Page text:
Burma's towns face refugee crisis alone as aid piles up

Some have come by boat, others by truck. Some had arrived with a handful of possessions, others with just the clothes they stood in. All have remarkable stories to tell, both of their escape from the cyclone and of their friends and relatives who did not survive.

Squeezed together into the ground floor of a school in this busy river port city they sat waiting for their evening meal, wondering what further fate may befall them. "I was floating in the water when the storm struck, then I arrived on the land and escaped," said Aye Pwint, a young woman from a small village on the furthest fringes of the Irrawaddy delta. "I was hiding in a tree for a night and a day. Seven members of my family died. There was nothing of our village left."

A week after Nargis struck, killing at least 60,000 people and leaving about 1.5 million in desperate need of aid, the towns and cities of the delta are starting to become flooded with refugees. In this one building there are 459 people, each with a cardboard tag pinned to their shirts. The policeman in charge said there were 30 such make-shift centres in the town. An estimated 10,000 refugees have come here.

In the aftermath of the storm, relief agencies have warned that food, water, medicine and sanitation facilities are urgently required. While aid agencies have warned that the conditions in the relief camps set up by the military authorities in towns such as Bogale and Labutta are "horrific", it is only slowly that the full scale of the problems that the authorities are having to confront is becoming apparent. The UN now believes that 220,000 people are missing, while between 1.2 million and 1.9 million are struggling to survive.

"Time is crucial," said Gordon Bacon, of the charity International Rescue Committee. "The people who are dead we cannot help, sadly but the people who have survived have no food or water. It requires the government of Burma to work with the aid agencies."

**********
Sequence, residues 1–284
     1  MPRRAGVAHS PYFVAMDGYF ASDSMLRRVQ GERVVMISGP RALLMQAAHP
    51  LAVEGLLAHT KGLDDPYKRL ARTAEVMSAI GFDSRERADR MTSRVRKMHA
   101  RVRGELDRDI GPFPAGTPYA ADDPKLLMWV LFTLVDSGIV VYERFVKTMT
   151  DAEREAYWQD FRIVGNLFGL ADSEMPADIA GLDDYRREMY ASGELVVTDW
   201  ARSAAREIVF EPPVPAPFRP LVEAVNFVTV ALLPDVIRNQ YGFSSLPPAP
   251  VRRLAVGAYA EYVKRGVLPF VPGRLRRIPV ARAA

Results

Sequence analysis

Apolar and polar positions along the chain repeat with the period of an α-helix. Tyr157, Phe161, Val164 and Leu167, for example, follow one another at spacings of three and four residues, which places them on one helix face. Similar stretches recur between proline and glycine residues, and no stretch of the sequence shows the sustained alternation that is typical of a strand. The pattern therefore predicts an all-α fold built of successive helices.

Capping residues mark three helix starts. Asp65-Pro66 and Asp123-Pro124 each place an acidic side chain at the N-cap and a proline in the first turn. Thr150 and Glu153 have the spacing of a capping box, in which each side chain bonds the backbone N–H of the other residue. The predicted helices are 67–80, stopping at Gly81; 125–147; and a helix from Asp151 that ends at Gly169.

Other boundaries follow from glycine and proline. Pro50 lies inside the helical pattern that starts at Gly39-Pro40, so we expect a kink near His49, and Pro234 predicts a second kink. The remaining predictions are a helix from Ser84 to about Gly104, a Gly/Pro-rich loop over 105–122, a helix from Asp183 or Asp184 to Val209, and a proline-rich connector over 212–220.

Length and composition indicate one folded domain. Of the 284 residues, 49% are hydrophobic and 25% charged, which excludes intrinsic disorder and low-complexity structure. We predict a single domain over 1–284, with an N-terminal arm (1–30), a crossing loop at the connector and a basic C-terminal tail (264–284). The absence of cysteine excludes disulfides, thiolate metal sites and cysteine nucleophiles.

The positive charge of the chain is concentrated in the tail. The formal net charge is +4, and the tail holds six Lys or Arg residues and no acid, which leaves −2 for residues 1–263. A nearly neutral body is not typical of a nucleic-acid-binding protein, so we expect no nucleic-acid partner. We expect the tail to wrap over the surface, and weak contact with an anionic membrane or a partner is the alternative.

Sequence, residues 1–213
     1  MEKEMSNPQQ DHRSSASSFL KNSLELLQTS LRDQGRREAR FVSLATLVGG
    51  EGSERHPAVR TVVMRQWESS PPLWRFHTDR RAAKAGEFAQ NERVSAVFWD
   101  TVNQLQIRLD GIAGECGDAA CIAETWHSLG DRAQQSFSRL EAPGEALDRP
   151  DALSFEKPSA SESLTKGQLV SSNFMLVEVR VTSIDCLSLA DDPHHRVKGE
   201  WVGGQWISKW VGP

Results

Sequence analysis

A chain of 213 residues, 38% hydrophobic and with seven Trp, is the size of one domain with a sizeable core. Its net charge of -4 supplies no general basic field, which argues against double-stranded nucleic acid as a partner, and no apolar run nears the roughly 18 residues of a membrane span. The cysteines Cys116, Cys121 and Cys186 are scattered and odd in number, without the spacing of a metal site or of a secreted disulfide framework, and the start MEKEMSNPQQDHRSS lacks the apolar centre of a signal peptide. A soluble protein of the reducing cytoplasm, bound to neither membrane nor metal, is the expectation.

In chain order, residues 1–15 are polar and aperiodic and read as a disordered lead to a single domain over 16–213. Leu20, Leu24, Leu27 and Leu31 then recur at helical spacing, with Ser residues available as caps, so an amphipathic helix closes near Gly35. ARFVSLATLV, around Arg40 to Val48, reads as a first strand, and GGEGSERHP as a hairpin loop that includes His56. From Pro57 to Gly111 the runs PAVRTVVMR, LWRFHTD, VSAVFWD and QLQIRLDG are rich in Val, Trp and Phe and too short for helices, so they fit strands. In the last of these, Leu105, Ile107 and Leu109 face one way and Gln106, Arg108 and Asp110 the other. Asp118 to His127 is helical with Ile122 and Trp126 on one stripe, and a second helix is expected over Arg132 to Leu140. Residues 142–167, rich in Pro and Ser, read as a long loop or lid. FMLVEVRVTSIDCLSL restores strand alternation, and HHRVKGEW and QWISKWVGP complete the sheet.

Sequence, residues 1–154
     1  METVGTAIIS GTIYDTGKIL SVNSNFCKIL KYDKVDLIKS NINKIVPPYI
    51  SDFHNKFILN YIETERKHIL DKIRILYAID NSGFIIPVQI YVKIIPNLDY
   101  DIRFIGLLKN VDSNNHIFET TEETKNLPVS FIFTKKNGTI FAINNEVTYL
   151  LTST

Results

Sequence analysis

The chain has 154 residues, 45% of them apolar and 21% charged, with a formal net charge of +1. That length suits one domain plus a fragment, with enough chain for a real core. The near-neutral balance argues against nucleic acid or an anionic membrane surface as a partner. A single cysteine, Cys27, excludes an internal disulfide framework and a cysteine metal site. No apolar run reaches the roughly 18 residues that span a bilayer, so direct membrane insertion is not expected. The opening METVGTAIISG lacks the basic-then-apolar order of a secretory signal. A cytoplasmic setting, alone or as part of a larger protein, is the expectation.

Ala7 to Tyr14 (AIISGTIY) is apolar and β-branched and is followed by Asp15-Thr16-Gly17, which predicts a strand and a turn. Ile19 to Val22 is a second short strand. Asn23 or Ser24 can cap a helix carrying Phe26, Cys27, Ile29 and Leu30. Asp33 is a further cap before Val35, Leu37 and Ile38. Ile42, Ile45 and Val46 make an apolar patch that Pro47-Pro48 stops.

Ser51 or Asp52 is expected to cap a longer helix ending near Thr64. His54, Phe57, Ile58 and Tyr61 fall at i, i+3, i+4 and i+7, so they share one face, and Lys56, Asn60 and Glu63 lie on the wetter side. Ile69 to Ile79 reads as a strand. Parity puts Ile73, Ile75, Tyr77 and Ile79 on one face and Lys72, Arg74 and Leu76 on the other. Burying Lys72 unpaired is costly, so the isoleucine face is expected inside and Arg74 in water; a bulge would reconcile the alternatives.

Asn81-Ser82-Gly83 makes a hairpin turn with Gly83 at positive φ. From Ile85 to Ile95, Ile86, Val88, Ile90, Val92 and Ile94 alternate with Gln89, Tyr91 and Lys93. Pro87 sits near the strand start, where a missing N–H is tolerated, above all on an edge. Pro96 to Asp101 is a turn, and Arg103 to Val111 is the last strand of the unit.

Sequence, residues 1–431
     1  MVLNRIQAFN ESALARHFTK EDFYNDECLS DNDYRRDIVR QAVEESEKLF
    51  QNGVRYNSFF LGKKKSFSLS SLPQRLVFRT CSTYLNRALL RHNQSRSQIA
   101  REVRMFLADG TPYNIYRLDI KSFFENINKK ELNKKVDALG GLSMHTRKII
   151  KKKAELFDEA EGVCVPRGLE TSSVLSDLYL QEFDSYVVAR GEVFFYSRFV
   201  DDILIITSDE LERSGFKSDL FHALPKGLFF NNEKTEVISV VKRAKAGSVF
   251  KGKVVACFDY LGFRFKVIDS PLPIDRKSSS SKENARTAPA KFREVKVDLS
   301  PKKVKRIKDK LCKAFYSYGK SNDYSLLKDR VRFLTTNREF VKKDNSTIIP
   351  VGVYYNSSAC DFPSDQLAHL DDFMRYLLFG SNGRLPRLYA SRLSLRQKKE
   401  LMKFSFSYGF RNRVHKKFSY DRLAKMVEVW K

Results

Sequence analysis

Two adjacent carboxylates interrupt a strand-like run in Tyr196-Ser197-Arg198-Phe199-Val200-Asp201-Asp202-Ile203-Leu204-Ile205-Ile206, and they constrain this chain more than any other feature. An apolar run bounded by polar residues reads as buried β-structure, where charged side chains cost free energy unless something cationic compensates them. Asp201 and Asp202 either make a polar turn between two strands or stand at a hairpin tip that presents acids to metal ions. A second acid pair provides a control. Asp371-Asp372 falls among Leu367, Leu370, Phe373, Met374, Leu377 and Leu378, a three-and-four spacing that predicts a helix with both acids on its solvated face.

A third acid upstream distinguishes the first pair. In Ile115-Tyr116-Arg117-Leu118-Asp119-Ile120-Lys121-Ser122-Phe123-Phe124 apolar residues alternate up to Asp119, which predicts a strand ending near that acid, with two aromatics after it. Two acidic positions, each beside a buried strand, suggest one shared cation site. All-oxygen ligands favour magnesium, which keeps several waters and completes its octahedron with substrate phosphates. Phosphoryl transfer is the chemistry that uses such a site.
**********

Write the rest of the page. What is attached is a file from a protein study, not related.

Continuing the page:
In this particular school in Myaung Mya, officials said they had sufficient water but were in need of food and clothes. "We need food, that is very important. But some of the people are naked," said Win Shwe, a police officer who appeared to be in charge.

The policemen said that most of the people in the classroom were from the Labutta area. He said the government had been bringing the people in by truck and by boat. Asked how long the people might be there, he said it was unclear.

The camps seem woefully inadequate to cope with the numbers of people, and there are few proper facilities. Mothers bathe their children in the playgrounds and hang up laundry wherever they can. At night they sleep on the bare floor without the benefit of nets or coils to keep away the mosquitoes that carry the risk of malaria.

One of the men in the school bore a dazed look, his focus somewhere in the middle distance. His name was Than Zoe and he worked as a farmer and labourer in a small delta village called Rawe. "The whole village was entirely destroyed. There was nothing to see," he said. "There were five of us but three died, my two daughters and my father. My wife and I escaped. The others were taken by the water."

The Burmese junta that has ruled the country for two decades continues to prevaricate and obstruct the international aid effort. While the UN has made some progress in having a consignment of high-energy biscuits released from confiscation, most foreign aid workers with the skills to handle a humanitarian crisis on this scale are still barred from entering Burma and undelivered aid is piling up. Despite the international outcry over aid, the military rulers went ahead with a weekend referendum on a new constitution.

In another setback, the first Red Cross boat carrying relief supplies to the disaster area sank near Bogale after it collided with a submerged tree trunk. Oxfam warned that the eventual death toll could reach 1.5 million if people do not get clean water and sanitation.

In these conditions, what future is in store for the people in the school at Myaung Mya and in countless other such makeshift centres is unclear. What does appear certain is that the influx of so many desperate and needy people without money or possessions will stretch the authorities.

There is already evidence that the refugee crisis is testing the patience of some local people. "The military government has not given any help, and the town cannot cope," a woman working at one school housing 900 people told Reuters. "Most shelters are holding 700," she said. "Three hundred was OK, but 900 is too much." At the entrance to her school, three teachers stood at the gate asking passers by for donations, but they were only receiving very small bags of rice. The woman added: "We have 900 people here but we only have 300 lunch boxes. We gave it to the women and children. The men have still not had any food."

While Myaung Mya was not damaged, some locals appeared concerned about the impact of the refugees. "How many more days are we going to be able to feed them?" asked one. "People here can barely afford to feed themselves."

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